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Wonkbook: Santorum proves money isn't everything

at 07:58 AM ET, 02/08/2012

At this point, Rick Santorum has won four primaries or caucuses, and Mitt Romney has won three. Santorum continues to trail Romney in the delegate count, but in terms of actually winning contests, he's ahead of the putative frontrunner.


Republican presidential candidate former Pennsylvania Sen. Rick Santorum speaks during a primary night watch party on Feb. 7 in St. Charles, Mo. (Jeff Roberson - AP)
One lesson to draw from that: Money ain't everything. Because Mitt Romney has money. Mitt Romney has lots of money. Between the resources of the Romney campaign and the Romney-allied SuperPACs, Santorum isn't even competitive. And since Romney also gets more free media, Santorum, by this point, should pretty much be out of the game. But he's not. And that's because money -- and even media -- ain't everything.

Efforts to rigorously assess the role of money in campaigns have been largely foiled by a particularly difficult correlation/causation problem: Do good candidates raise lots of money, or do candidates who raise lots of money end up looking like good candidates? The answer political scientists have come too is, well, that it's a bit of both. "Candidates who raise a lot of money tend to do better, and it’s more likely than not that at least part of this relationship is due to money paying for things like ads and canvassers," writes Andrew Therriault in a review of the literature on this topic. But "in most cases, a much-despised incumbent with a lot of money is in a worse position than a much-liked incumbent with very little money."

In other words, all else being equal, it's better to have lots of money than not enough money. But in politics, all else is rarely equal. And the "all else" can sometimes matter more. It's clear, for instance, that there are a large number of Republican voters who just don't really want to vote for Romney. Indeed, his money might even be proving a little counterproductive. It's so well known that he's backed by massive superPACs, and it's so widely reported that the superPACs are going aggressively negative, that it's led to some bad media coverage for the Romney campaign. It's likely part of why voters say, by a 2-to-1 margin, that the more they hear about Romney, the less they like him.

On Tuesday, there was a lot of talk about President Obama's decision to embrace the need for Democratic superPACs. The decision was born out of necessity, and even so, it may fail to solve Obama's money problem. Wall Street, which aggressively funded Obama in 2008, has turned on him. Hollywood, which is reliably Democratic, is nevertheless furious that the White House helped kill the anti-internet piracy bills SOPA and PIPA. There are still trial lawyers, and unions, and assorted other wealthy folks and interests, but there's a real question as to whether a Democrat who wants to tax rich people and regulate big industries can match the financial firepower that's backing Romney's campaign.

But as last night's elections showed, there's also a real question as to whether they'll need to. The gap between Obama and Romney -- and yes, I would still choose Romney as the favorite to win the nomination -- will never be as large as the gap between Romney and Santorum, or Romney and Gingrich. Both candidates will have more than enough money to blanket the airwaves come November. Obama is likely to have more money than any campaign in history, and Romney will perhaps have even a bit more money than that. They won't be equal, but the odds are good that they will be equal enough. And that's when the "all else" will take over. And as voters proved last night, the "all else" can matter quite a lot.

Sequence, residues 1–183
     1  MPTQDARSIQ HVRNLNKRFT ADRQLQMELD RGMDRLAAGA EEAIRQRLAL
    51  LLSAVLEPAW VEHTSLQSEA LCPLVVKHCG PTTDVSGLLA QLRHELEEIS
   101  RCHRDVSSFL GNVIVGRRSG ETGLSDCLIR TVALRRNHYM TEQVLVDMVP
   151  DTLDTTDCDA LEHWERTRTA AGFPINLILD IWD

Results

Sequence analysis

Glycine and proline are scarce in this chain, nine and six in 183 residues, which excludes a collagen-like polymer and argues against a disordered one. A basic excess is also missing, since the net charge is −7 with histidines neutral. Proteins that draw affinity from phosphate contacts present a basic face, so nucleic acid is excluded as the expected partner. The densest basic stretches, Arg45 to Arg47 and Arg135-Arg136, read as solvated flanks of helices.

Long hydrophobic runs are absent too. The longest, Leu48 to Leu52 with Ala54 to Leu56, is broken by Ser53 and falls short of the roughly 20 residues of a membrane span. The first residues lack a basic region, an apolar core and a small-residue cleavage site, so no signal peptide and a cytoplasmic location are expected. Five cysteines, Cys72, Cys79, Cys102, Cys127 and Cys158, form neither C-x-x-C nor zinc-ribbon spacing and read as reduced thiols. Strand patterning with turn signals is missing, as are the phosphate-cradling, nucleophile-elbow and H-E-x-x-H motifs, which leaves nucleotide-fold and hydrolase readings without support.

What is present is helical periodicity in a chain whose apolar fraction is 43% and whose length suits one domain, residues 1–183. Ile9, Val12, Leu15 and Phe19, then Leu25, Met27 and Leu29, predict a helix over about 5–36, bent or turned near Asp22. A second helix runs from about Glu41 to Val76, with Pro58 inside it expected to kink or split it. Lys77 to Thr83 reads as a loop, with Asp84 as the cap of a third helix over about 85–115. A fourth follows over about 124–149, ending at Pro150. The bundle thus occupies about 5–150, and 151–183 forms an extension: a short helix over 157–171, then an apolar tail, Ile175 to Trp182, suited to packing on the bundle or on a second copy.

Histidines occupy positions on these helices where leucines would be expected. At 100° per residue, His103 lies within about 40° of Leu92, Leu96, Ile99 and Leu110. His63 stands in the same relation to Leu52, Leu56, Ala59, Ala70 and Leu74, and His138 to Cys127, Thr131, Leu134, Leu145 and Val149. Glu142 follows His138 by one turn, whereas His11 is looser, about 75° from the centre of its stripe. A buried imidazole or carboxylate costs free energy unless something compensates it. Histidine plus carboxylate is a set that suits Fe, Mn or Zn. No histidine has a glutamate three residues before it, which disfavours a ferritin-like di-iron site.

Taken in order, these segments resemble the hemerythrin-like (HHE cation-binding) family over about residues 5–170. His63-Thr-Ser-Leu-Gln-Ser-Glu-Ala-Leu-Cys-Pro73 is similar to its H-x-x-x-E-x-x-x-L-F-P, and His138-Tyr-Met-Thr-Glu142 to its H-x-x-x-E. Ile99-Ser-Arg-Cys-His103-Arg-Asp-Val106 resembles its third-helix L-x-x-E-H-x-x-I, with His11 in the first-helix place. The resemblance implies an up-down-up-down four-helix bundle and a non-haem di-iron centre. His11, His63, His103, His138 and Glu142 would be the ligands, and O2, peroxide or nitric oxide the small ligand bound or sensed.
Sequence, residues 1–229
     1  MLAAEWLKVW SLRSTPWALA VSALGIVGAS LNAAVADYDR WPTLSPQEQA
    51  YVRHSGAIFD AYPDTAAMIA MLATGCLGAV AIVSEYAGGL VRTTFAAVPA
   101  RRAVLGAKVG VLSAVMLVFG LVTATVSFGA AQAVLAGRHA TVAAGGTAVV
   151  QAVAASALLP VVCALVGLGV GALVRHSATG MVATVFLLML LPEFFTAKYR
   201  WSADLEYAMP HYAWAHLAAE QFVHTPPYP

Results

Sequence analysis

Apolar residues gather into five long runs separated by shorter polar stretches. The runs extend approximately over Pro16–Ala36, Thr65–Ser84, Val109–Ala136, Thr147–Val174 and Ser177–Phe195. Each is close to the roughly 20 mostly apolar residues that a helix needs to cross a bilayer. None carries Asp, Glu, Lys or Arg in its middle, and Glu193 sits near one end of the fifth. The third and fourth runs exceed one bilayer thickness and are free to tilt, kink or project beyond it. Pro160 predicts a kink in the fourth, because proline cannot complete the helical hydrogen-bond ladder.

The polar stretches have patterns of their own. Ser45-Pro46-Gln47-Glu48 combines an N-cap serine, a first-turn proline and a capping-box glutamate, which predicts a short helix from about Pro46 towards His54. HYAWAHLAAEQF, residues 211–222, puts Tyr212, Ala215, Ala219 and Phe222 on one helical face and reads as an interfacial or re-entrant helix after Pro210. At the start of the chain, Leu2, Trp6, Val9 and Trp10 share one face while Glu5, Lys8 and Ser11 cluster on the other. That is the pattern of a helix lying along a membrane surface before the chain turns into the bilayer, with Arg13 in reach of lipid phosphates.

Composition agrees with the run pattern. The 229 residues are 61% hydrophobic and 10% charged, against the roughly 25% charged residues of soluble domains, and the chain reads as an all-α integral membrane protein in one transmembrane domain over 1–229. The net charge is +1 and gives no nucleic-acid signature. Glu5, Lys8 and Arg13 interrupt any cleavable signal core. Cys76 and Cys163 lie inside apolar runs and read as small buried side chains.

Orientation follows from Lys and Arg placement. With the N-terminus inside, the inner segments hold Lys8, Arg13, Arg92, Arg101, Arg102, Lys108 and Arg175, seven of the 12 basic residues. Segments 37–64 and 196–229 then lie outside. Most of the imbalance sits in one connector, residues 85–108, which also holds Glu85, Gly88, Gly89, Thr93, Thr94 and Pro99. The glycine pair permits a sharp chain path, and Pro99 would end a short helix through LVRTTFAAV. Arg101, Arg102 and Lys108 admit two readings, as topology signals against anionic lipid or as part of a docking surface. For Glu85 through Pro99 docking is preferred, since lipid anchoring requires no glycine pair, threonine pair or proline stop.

Top stories

1) Rick Santorum scored an unexpected sweep in Tuesday's primaries, report Philip Rucker and Nia-Malika Henderson: "Rick Santorum had a breakthrough night Tuesday, winning GOP presidential contests in Missouri, Minnesota and Colorado, all of which is expected to breathe life into his struggling campaign and slow Mitt Romney’s march to the Republican presidential nomination. The Santorum triumphs promise to, at least temporarily, alter the face of the campaign going into the crucial 'Super Tuesday' contests, as the caustic tone of the primaries is expected to continue and intensify. Romney and his allies have signaled that they will use their financial advantage to launch stepped-up attacks on Santorum and on former House speaker Newt Gingrich, the other main challenger. Santorum solidly defeated Romney in Minnesota and Missouri, and he narrowly edged the former Massachusetts governor in Colorado, according to state GOP officials."

@philipaklein: Colorado should have been a lock for Romney, we may have to rethink assumption he'll be nominee.

@charliepolitico: More than 250 counties voted Tuesday; Gingrich won exactly 1 of them: Bent County, CO, in Eastern Plains

@morningmoneyben: I once thought the Euro debt crisis was a far more difficult story to master than the GOP campaign. I am rethinking that assumption.

2) Greece missed another bail-out deadline, report Kerin Hope and Peter Spiegel: "Greece missed another deadline to approve conditions for a second €130bn bail-out on Tuesday night, after a meeting with political leaders was postponed until Wednesday because of last-minute haggling with international lenders over emergency spending cuts. A government official said Lucas Papademos, the technocrat prime minister, would hold the talks on Wednesday morning and expected a deal to be presented for approval at a meeting of eurozone finance ministers later in the week. But the delay over agreeing €3bn of extra spending cuts fuelled anxieties that Athens may be forced into a messy default next month. It also triggered concern over whether Greece remains committed to fiscal and structural reform after two years of failing to implement measures agreed in return for billions of euros in financial support."